First Person - RNZ Nelson correspondent recalls a year not without its challenges - and learning to live with less.
I'm still not sure what was worse.
The 10 days it took for a biopsy result, or the six-month wait for the Employment Court to decide our future.
Neither experience comes recommended, but each triggered lessons in learning to be happy with less.
We had a plan - the first time ever I'd made one. I'd seen a yacht - my love boat really. A small yacht for which I was willing to sacrifice our comfortable seaside house, and so we did.
We bought a cottage in a low-price part of town and aimed to live in it until we were flush enough to sail away, like many of our friends.
Their blog posts from Madagascar, Mauritius, Greenland and the aquamarine lagoons of Asian islands make sailing look ridiculously easy and trouble-free. We hit a speed-bump when the doctor found a lump in my neck. While I'd dipped my toe into scary waters a few times before, it was nothing like that whirlpool of dread.
Was it cancer? Maybe, but the surgeon joked she'd already had one lymphoma that morning, so it was unlikely she'd get two.
Lucky I wasn't first in that morning.
Scans, a biopsy, sedatives and finally the all-clear sent by text message. Relief. We were back on track, with a vengeance.
A budget was drawn up for the work needed on the yacht - a 10.5 metre performance cruiser with a great Kiwi pedigree and soul embedded in her kauri hull.
Scoundrel became our sole focus, while the rambling garden at home became more of a shambles. I developed a mild interest in tossing around a few packets of wildflower seeds, hoping the neighbours' bees might thrive on an expanded diet.
Fine weekends were spent in the Abel Tasman National Park, and summers in the Marlborough Sounds. The garden grew wilder, and I started to notice how much the Tui loved the flax, the chit-chat of tiny waxeyes settling for the night among the figs, and the sparrows tossing around twigs while building messy nests in the native shrubs.
And how laced in white frost, the garden stops breathing in mid-winter.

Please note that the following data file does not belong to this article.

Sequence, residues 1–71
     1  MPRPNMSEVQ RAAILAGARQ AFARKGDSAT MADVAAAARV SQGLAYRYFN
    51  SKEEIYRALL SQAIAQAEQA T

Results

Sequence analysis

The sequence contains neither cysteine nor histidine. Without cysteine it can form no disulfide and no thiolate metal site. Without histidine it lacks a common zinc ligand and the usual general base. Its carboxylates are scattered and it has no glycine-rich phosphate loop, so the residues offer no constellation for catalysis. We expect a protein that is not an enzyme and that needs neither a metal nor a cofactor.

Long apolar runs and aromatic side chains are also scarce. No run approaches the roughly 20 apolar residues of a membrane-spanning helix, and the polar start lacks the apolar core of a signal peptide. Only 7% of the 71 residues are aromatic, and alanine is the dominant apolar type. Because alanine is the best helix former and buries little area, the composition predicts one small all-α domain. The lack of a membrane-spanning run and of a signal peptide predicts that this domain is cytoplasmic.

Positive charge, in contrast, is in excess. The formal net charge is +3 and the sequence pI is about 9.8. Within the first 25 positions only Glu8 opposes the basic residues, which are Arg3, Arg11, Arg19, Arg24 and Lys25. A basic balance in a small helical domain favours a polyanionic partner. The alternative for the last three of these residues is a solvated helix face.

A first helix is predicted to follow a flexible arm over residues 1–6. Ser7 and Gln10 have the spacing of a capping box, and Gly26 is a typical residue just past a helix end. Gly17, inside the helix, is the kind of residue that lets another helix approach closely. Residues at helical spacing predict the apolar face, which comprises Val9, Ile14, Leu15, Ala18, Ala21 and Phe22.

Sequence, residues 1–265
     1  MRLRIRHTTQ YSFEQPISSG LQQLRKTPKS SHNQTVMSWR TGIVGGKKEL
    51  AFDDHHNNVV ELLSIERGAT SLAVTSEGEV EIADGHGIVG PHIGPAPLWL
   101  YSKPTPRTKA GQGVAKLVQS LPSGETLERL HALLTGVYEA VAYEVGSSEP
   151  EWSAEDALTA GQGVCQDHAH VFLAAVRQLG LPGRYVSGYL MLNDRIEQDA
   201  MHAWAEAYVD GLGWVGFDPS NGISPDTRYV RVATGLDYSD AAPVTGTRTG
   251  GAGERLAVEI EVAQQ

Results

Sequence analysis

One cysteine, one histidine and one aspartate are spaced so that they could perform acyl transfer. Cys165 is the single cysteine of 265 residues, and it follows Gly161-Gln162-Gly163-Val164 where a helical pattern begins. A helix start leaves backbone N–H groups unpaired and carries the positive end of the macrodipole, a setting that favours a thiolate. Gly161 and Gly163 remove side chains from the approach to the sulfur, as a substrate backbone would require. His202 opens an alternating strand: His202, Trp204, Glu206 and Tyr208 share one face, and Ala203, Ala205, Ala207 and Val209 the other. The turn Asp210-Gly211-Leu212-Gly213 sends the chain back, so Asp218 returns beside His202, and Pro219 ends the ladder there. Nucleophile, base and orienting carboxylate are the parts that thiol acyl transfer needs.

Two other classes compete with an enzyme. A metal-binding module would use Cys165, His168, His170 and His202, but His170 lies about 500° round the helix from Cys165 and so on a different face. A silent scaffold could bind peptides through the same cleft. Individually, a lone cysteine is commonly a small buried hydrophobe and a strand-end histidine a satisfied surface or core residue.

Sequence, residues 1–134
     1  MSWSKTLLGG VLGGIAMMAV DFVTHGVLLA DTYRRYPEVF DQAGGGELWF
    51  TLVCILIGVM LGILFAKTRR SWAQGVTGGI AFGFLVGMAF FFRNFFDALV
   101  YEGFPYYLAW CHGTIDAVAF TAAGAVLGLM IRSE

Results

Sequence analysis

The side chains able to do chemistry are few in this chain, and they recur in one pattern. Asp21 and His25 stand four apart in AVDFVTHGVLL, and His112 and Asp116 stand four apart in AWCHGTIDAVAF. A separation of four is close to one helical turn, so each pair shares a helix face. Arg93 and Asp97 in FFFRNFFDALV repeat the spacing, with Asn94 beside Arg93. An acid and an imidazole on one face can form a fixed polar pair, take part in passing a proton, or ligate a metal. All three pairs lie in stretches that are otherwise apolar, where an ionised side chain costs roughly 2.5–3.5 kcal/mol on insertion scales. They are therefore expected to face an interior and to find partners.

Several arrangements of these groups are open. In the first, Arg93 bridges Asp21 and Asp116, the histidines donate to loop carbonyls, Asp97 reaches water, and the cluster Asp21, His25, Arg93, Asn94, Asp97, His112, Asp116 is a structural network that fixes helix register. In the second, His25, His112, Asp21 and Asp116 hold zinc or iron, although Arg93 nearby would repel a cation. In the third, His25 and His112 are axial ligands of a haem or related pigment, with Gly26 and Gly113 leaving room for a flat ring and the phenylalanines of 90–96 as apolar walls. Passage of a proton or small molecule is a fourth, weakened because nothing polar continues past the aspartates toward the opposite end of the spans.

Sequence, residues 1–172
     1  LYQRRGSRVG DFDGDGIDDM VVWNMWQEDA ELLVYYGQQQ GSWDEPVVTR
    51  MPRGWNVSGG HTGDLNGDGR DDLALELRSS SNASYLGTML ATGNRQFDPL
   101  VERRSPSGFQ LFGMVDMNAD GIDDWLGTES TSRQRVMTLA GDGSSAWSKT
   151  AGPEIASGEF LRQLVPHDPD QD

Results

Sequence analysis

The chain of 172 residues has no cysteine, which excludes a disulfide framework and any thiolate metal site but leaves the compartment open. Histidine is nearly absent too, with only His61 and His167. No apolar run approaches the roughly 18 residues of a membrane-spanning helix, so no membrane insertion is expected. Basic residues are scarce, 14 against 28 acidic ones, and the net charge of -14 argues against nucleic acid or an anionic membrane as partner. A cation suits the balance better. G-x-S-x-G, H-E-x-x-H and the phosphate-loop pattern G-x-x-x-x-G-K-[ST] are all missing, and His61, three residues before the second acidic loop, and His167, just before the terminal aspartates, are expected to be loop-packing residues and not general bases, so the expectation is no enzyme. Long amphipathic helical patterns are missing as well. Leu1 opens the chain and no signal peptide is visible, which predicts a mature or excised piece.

The schedule for Scoundrel's overhaul was set and the money was saved. The day after we hauled her out, my husband Rob got the "swing by for chat" email, and soon learned his job was gone. At Christmas. After 20 years with the company.
The next two years were not so much a roller coaster of emotion as a dodgem through the potholes of the employment disputes process.
It also meant a big change in our lives financially and emotionally, with Rob taking a more minor job with the same firm, away from home.
The weekends he was home were mostly always the rainy ones, so sailing took a back seat. Then a huge earthquake struck and I was called away at times Rob was home.
At least he got the house painted, and the garden weeded.
The Employment Relations Authority supported his argument that working on a fish farm was no substitute for the management job he'd lost. It instructed payment of his redundancy compensation.
The company disagreed, appealed, and the court agreed with it. In the time it took for the decision to arrive, Rob learned to relish the time away from home and my constant re-living of every detail.
I'd begun to dig the garden, literally and figuratively. I found solace in the plant section of Mitre 10, and I now even have a loyalty card at a more rural plant centre.
As time and money slipped away, so did our plan. Scoundrel is now destined for new horizons with a new owner, but with a bit of our own hearts and souls, blood, sweat and tears now embedded in her.
The dispute shadowed our lives for close to two years, in which time I've nurtured an old lemon tree back to life, planted baby citrus trees with which I enjoy evening talks, and planted things I can't pronounce, but which look incredibly pretty.
I've learned to love the mozzie-infested sunsets from the top of the garden, and if I stretch out far enough I can just see the sea. On stormy nights I can even hear it, and feel glad I'm safe on land.
I love walks on our many local beaches and the roiling surf at Cable Bay when the northerlies pound in. We've even started body-surfing, on the premise that if you can't be ON the waves, then at least be IN them.
I love my garden, our small wooden house, the bees among the flowers and the birds in the trees that envelope our place.
I love watching my adult daughter thrive at home with us, and know I could never sail off and leave her, our ageing parents, or my cat.
I'm grateful too that Rob is now back at home every day of the week, with a new job and a new direction.
I've learned to be happy with less, but maybe I just wanted too much. Now, when I sit drinking coffee among the early morning flowers, I realise I have more than I ever thought I had.
Here's to 2018.